Advancing with Photoshop’s Multichannel Mode – Part 2 –
You got through the introduction on using Multichannel Mode, so you must be raring to learn more! If you recall, in the previous tutorial, I mentioned what happens when you have an RGB image open and you choose Multichannel from the Image > Mode menu. Remember to have the Channels palette open while you do this so you can see the RGB and composite channels change to CMY channels with no composite. To reiterate, the absence of a composite channel means Photoshop is no longer running in a color-managed environment. Let’s go a step further with this and manually generate a black channel. This will help balance the shadows and highlights.
Examine the three channels and choose one that has a nice, even distribution of shadows, midtones and highlights. Now launch the Calculations command which is located under the Image menu. For those who aren’t familiar with Calculations, this oldie was how compositing was achieved before Adobe introduced Layers into Photoshop. You had to have two images of equal dimensions opened up and then, using Calculations, blend the color channels together to create a mix of the two pictures. In our case, we’re going to use Calculations to blend our preferred channel to make a new 4th channel. With the Calculations window open, set both sources to the same channel – either cyan, magenta or yellow. (Feel free to mix different channels to see if that produces the even distribution of tones mentioned earlier.) By default, the blend mode is set to Multiply. I usually leave this value in place, but again, experiment to see if any other blend mode produces better results. If necessary, lower the opacity to dial back the effect. At the bottom of the window, make sure the Result drop-down menu is set to New Channel. Click Ok to make your new channel. This will show up with the name Spot Color 1 as a fourth channel in the Channels palette.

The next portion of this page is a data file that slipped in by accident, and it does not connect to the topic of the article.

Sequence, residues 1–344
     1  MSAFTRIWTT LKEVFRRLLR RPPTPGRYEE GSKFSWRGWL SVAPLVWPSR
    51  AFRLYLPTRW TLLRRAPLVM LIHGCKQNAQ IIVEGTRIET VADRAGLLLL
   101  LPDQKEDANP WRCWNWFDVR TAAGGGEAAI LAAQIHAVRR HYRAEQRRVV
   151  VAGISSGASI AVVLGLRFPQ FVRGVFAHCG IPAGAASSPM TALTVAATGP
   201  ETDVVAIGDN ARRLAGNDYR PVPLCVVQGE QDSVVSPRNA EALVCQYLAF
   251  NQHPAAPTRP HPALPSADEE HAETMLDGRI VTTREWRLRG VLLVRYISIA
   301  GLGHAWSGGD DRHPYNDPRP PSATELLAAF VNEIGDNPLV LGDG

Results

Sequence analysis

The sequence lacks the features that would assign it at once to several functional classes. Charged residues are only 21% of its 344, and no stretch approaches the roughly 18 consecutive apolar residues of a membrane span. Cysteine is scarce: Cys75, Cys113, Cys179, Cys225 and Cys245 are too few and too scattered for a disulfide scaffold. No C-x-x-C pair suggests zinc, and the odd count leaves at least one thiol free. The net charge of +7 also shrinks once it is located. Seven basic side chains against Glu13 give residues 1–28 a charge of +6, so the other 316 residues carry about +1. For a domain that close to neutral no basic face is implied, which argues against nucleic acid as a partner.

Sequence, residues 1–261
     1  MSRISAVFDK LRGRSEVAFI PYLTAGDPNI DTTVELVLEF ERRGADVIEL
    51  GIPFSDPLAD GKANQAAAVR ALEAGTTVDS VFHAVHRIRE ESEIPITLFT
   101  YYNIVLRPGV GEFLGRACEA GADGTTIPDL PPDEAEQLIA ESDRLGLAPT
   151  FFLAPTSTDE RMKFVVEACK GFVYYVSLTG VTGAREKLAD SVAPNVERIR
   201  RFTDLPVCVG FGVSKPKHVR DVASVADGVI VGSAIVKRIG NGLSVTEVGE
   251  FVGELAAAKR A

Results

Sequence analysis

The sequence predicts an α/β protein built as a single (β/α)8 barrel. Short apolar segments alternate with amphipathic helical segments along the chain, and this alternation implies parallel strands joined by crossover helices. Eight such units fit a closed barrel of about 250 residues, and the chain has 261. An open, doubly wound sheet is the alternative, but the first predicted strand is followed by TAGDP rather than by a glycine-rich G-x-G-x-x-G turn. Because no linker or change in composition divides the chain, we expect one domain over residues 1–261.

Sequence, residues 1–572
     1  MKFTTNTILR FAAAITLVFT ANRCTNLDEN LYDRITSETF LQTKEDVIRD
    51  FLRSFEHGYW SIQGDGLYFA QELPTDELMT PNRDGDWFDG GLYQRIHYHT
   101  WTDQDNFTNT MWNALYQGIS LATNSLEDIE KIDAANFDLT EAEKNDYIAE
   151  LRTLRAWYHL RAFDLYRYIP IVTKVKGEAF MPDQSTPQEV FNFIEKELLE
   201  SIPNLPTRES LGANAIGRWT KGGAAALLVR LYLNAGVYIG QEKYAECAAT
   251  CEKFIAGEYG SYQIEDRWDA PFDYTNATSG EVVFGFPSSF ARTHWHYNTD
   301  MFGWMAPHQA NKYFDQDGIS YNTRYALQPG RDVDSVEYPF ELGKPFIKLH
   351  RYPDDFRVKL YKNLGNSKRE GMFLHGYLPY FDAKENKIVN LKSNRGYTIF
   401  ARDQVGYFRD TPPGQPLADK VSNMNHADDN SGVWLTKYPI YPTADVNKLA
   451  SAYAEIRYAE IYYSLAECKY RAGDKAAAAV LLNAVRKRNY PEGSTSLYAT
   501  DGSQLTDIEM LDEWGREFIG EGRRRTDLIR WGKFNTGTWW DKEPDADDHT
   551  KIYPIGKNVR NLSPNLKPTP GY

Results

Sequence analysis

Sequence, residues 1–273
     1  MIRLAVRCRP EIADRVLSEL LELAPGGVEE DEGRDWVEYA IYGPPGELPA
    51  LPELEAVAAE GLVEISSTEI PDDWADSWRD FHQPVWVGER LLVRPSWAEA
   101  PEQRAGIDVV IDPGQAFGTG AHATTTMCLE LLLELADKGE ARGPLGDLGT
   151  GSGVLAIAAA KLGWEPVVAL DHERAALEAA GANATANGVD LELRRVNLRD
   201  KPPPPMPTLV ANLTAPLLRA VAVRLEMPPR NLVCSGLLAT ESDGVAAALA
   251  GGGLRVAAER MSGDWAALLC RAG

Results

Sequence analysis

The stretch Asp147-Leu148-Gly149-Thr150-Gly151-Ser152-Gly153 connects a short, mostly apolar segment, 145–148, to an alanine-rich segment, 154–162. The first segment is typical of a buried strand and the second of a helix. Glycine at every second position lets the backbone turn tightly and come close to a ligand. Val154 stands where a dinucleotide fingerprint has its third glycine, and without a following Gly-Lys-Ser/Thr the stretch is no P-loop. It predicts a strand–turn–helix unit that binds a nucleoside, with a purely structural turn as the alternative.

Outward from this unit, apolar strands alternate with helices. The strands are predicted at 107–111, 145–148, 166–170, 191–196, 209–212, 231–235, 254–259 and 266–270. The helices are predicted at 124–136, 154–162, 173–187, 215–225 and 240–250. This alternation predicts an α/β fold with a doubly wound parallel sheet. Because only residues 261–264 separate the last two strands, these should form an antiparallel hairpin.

We’re almost there! Now, double-click on the thumbnail image of the spot channel to open the Spot Channels Options. In this little window, you should see the Name and Ink Characteristics, including a square color thumbnail. Double-click on the thumbnail and this will open up the Photoshop Color Picker window. Position the Picker window so you can still see the Options window. Change the CMYK values to C=0, M=0, Y=0, K=100. Notice that as soon as you enter the K value of 100, the name displayed in the Spot Options and the Channels palette changes to Black instantaneously. Click OK to complete the process of making the black channel.